KB Homes Misses Overeager Estimates
KB Homes (KBH) certainly disappointed the market today. With the housing data so robust and Lennar’s (LEN) results to foreshadow the release KB Homes was not expected to fall shy of consensus. Lennar beat on the top and bottom lines, provided a positive outlook for cash-flow growth, and raised its dividend 212%, surely the best-in-breed KB Homes can do the same?
But perhaps that was the problem to begin with, the consensus estimate. Maybe it was too high. With the housing data so robust the average analyst rating for housing turned to a buy over the past quarter and with it came a number of upgrades for KB Homes. If it has happened once it has happened a thousand times, the market got ahead of itself and now the stock's price is readjusting to reality.
KB Homes Delivered A Good Report
The actual results were not bad, not bad at all. Certainly not bad enough for shares to be trading -3.5%. Revenue missed consensus by 2.5% but still posted a whopping 15.6% increase over last year. EPS didn’t miss, GAAP EPS of $1.31 came in $0.02 above consensus proving the companies ability to make money.
The EPS result was driven in large part by an increase in margins. Gross margins improved 120 basis points from the previous year due to a reduction in interest amortization. Because the company is able to generate free-cash-flow, and cash flow is improving, we can expect management to continue improving the balance sheet and driving earnings this year.
CEO Jeffrey Mezger
“With the conclusion of the third year of this Plan, our 2019 results reflect incredibly strong progress relative to 2016 when we launched the Plan and set the stage for the new year. We have begun 2020 on sound footing, with a 26% year-over-year increase in our backlog value to $1.8 billion, and the composition of both our backlog and community portfolio reflecting higher margins. As such, we believe we are well-positioned to further expand our profitability this year and meaningfully grow our return on equity.”
Prices Are Down But Traffic Is Up
The average selling price per home is down from last year but the volume of sales and growing backlog make up the difference. The total number of new orders grew 38% from last year and, based on the home builders sentiment data, the pace of traffic is not expected to slow in 2020. The pace of new home sales growth is expected to top 11% in 2020 and those estimates may be low. Pent up demand and lower prices have unlocked a wave of activity that may not soon be assuaged.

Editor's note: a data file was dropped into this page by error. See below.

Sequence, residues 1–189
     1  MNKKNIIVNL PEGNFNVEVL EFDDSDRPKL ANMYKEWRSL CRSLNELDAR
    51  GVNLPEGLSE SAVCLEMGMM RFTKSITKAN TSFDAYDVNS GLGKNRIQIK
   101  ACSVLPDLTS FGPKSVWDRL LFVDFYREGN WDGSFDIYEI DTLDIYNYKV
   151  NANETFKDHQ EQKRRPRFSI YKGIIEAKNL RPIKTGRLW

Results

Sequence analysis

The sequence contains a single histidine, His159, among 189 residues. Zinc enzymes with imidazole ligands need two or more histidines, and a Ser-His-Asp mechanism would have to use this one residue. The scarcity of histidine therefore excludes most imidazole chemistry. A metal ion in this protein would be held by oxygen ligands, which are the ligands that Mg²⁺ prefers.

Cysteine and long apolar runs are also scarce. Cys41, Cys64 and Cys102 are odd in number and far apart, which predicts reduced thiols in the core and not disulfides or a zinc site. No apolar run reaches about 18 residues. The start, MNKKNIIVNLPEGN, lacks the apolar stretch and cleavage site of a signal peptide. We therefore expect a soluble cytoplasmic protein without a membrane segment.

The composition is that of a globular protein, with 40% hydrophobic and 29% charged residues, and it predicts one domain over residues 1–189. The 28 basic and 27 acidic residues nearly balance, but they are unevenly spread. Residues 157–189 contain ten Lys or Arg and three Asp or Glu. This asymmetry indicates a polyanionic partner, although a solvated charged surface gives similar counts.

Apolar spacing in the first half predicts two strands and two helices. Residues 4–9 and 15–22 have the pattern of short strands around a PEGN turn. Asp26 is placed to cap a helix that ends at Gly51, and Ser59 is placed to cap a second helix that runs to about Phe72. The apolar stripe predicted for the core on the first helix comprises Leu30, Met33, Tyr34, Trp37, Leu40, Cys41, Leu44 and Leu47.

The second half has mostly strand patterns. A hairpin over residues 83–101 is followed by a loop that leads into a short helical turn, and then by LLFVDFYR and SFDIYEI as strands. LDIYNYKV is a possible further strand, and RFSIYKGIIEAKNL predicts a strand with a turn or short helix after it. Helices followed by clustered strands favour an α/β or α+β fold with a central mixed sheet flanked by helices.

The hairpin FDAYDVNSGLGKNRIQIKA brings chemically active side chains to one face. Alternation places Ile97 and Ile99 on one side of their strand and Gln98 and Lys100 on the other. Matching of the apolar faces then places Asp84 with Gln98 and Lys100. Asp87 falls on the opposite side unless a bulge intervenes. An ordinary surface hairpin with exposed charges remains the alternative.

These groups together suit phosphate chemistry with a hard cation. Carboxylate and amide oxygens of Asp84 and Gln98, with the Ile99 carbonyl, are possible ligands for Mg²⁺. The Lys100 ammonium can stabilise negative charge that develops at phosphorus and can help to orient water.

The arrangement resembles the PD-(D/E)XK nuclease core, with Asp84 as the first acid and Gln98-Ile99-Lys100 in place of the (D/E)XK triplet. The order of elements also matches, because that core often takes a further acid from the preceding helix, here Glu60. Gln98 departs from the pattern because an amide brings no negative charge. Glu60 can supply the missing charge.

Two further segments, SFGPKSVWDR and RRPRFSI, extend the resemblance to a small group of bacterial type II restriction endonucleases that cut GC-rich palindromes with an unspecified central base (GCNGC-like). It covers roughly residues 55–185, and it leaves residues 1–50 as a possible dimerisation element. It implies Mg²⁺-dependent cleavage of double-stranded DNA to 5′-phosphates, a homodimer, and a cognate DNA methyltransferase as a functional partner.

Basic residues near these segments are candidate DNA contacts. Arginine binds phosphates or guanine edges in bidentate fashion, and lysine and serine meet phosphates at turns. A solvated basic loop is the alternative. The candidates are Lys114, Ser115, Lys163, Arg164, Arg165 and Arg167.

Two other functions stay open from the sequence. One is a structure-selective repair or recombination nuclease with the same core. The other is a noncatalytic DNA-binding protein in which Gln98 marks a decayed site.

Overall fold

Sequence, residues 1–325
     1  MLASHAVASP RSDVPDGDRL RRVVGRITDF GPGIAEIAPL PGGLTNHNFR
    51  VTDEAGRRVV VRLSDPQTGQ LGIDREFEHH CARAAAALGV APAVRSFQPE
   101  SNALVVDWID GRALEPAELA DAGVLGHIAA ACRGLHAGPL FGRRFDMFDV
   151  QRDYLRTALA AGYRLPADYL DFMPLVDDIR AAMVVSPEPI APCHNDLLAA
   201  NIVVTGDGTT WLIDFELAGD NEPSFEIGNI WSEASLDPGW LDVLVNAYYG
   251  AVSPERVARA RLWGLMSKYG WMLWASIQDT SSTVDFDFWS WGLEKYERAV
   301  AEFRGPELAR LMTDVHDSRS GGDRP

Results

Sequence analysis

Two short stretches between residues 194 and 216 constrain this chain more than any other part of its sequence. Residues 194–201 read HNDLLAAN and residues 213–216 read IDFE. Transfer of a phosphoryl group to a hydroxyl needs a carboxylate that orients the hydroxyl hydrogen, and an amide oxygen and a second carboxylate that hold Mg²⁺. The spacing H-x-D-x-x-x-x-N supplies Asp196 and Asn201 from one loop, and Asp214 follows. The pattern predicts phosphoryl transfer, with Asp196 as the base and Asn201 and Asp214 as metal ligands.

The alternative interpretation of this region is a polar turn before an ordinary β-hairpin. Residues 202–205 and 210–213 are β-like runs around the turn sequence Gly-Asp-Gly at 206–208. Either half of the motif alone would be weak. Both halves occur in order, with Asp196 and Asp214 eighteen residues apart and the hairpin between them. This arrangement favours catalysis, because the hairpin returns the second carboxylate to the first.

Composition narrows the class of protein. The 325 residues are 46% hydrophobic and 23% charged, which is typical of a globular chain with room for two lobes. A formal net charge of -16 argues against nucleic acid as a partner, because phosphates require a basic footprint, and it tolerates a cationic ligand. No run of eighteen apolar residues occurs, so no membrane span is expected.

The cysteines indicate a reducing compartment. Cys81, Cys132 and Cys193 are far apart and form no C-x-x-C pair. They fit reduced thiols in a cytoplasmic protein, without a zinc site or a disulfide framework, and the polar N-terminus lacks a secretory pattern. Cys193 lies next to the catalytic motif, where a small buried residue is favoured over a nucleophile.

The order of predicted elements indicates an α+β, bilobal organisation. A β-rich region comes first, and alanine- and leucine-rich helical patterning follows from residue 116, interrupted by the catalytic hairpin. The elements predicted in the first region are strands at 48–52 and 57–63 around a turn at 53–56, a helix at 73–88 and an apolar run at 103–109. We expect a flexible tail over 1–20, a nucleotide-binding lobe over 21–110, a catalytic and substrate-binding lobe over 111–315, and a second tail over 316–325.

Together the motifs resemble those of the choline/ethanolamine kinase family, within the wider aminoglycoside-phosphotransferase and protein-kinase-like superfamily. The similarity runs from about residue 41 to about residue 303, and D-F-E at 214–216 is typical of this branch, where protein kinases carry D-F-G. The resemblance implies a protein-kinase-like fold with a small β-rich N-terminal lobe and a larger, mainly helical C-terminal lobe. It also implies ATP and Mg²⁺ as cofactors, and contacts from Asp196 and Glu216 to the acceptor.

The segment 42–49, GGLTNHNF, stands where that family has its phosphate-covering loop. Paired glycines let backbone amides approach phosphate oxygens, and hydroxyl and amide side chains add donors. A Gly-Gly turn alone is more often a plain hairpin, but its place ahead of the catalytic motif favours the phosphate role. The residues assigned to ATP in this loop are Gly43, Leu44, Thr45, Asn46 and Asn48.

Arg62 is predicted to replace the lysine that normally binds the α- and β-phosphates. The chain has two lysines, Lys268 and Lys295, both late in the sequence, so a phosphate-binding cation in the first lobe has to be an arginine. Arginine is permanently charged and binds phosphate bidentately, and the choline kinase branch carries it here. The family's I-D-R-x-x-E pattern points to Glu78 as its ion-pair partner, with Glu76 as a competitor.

The decline in the average sales price is likely due to the sales mix. KB reports successfully raising prices in 65% of its communities which makes the decline in average sales price less a problem than it might seem. The value of backlogged orders grew at a faster rate than the number of orders, evidence of those higher prices, and points to an increase in average sales price later in the year.
Regarding the data, the Building Permits is the most robust. Building permits are a leading indicator of the housing market and up more than 15% from the low set earlier this year. At 918,000 annualized units, permits are sitting at a multi-year high and suggest a surge in home building is coming this spring.
The Technical Outlook: A Buying Opportunity Is At Hand
Shares of KB Homes gave up more than -3.5% in today’s session but the deepest losses were recovered. The stock fell to find support at the $35 level and above the 30-day EMA. At this level price action appears to be well-supported and the indicators are bullish if in retreat. Price action may continue to test support in the near-term, a move back to or even below the EMA is not unlikely, so caution is recommended when considering new entries.7 Retailers That Are Bucking the E-Commerce Trend
Once again it appears that the death of brick and mortar retail appears to be exaggerated. First-quarter earnings are showing that many retailers that rely on in-person traffic for a considerable chunk of their business are seeing a rebound in sales. And many are planning to open stores in 2021.
This isn’t to say that e-commerce is going away. In fact, a common feature for many of these stocks is that they either developed or enhanced their digital footprint during the pandemic.
This special presentation focuses on retailers that are planning to add to their brick-and-mortar footprint in 2021. And some are planning to do so by a substantial margin. Once again, this doesn’t signal a transformative shift in the overall trend, but it does mean that for the foreseeable future, brick and mortar will have some relevance.
View the "7 Retailers That Are Bucking the E-Commerce Trend"